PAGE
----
Badischer Kunstverein opens Jurgen Drescher dig it

Badischer Kunstverein presents Jurgen Drescher dig it open 25 January–1 April 2013.

Jurgen Drescher, Wedge, 2012. Photo: Wendelin Bottländer.

Badischer Kunstverein is pleased to present Jürgen Drescher with his most extensive solo exhibition in Germany to date. For over three decades, Drescher has been negotiating in his works the formal, poetic, and performative potentials of sculpture against the backdrop of artistic, economic, and ecological processes of value creation. The exhibition, which is titled dig it, traces an arc from Drescher’s current and recently produced works to his early artwork from the 1980s.

From the beginning of Jürgen Drescher’s career, the strategies of transfer and context-shifting have played a central role in his artistic approach—the act of shifting things, artifacts, or even situations from their everyday contexts into the space of art. In 1981, Drescher—while still studying under Klaus Rinke at the art academy in Düsseldorf—had already turned a bar into an installation as his artistic contribution to that year’s annual exhibition. The potential sales situation—the annual exhibition as “training” for the art market—was short-circuited with the real vending situation of the bar. In terms of form, the installation had been reduced to essentials, and precisely the circumstance that it was in fact fully functional—Drescher himself was bartending—caused the margins between model and reality, form and performance, cultural and economic value to be blurred in a productive way.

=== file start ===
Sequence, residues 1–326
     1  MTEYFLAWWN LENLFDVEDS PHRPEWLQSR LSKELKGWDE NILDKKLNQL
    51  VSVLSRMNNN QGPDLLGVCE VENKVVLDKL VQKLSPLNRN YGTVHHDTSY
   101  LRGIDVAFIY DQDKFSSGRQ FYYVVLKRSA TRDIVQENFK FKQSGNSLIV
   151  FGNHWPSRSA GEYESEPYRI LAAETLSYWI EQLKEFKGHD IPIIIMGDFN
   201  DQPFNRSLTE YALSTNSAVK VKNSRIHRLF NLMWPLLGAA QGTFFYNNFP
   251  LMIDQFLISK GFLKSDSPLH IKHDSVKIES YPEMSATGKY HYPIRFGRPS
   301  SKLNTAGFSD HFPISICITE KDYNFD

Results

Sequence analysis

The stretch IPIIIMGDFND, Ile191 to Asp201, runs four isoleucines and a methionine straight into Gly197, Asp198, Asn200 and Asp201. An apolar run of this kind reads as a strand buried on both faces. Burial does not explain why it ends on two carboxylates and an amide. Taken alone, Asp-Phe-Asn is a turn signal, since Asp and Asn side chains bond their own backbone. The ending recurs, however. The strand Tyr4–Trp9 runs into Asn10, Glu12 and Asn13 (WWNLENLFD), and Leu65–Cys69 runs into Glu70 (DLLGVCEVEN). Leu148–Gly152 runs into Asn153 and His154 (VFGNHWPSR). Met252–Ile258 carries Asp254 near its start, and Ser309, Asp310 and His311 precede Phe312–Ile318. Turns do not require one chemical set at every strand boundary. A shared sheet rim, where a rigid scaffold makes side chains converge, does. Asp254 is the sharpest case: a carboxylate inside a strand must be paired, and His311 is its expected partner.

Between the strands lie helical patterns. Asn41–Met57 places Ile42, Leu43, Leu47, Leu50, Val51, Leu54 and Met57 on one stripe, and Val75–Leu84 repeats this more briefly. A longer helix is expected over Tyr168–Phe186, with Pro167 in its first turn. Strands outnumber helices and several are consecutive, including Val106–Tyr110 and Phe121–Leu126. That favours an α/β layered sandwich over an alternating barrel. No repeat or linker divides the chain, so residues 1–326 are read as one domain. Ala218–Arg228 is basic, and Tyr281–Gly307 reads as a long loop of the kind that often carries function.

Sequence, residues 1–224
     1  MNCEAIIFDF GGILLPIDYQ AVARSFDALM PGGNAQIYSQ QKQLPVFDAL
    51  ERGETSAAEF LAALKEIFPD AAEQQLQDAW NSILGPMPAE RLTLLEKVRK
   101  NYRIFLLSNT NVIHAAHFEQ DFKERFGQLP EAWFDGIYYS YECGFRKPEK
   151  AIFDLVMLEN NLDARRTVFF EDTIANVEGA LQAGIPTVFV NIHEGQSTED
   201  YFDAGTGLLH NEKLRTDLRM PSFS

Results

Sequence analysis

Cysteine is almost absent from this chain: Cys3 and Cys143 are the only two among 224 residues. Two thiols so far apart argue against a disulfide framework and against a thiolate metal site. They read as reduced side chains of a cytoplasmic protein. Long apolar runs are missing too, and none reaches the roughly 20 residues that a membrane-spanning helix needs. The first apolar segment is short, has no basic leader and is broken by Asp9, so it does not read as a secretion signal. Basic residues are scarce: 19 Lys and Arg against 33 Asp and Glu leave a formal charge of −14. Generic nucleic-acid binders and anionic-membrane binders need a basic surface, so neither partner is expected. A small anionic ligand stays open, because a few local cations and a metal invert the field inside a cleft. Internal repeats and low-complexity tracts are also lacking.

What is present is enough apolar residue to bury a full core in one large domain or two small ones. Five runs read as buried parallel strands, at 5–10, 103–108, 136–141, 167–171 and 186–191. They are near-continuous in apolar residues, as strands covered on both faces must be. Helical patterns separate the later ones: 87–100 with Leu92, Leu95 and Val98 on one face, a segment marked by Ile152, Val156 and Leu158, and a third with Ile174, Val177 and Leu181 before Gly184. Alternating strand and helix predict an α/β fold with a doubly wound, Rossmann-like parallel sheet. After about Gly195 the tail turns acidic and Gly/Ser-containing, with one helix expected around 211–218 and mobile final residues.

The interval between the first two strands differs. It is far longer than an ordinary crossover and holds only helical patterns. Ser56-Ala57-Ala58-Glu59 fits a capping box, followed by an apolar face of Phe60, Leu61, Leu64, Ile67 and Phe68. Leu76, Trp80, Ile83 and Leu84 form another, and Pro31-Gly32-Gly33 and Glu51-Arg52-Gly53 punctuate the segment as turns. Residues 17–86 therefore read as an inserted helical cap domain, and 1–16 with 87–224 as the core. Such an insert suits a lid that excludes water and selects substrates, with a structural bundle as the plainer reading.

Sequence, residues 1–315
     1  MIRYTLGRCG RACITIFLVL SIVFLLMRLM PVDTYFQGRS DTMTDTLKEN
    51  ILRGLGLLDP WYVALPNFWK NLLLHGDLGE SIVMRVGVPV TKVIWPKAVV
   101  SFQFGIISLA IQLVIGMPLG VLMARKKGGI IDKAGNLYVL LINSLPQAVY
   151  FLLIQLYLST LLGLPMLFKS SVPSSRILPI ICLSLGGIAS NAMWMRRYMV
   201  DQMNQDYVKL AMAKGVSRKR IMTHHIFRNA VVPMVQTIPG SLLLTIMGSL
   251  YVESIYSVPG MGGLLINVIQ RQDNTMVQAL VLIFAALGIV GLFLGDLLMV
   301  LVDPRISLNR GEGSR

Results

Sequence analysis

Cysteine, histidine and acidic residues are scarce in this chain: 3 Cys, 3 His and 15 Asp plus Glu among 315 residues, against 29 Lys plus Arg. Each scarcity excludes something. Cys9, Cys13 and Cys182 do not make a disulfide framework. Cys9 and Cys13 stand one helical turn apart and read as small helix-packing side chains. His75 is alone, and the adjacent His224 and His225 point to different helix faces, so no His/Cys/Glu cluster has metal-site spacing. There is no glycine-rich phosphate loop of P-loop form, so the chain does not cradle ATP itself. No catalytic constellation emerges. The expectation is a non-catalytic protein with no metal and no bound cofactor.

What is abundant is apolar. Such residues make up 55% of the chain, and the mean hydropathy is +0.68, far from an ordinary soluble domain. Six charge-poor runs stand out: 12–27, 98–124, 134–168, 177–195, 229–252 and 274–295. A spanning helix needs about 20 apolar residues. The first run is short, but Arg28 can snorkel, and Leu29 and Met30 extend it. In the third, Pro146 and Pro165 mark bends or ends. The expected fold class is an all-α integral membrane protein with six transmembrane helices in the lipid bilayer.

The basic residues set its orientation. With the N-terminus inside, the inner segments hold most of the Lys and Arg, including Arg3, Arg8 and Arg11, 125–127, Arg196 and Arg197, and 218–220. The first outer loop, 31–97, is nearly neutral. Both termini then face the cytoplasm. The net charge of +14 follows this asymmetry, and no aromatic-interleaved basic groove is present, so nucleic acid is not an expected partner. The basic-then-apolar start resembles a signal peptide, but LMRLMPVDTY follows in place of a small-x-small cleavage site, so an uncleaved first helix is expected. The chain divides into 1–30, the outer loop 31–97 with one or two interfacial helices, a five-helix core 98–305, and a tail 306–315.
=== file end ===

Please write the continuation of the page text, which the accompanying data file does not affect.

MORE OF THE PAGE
Jürgen Drescher’s work of the 1980s and 1990s was predominately characterized by transfer or by the transformation of real objects, as is apparent in the work Korridor (1984), where the threadbare carpet of the hallway in the artist’s home has been translated into a display-like wall relief. Yet in recent years Drescher has specifically devoted himself to the technique of metal casting, which he employs to reproduce everyday objects. In taking recourse to the art of casting, Drescher has taken up a sculptural technique that allows things to become an image of themselves: ladders, benches, boxes, or even soft materials like blankets assume an abstract, almost minimalist language of form despite the inherent figurative concreteness of the cast. In addition to calling on casting as a method of reproduction, Drescher has pursued the plastic modeling of figures and figurations, such as the sculpture of Dian Fossey and the gorilla named Digit specially created for this exhibition.

The exhibition at Badischer Kunstverein highlights Jürgen Drescher’s more (and most) recent works so as to pointedly draw on the artist’s oeuvre from this point of origin, exploring the complexity of his artistic creativity over the past several decades.

Jürgen Drescher (b. 1955, Karlsruhe) lives and works in Berlin.

Badischer Kunstverein
Waldstraße 3
76133 Karlsruhe, Germany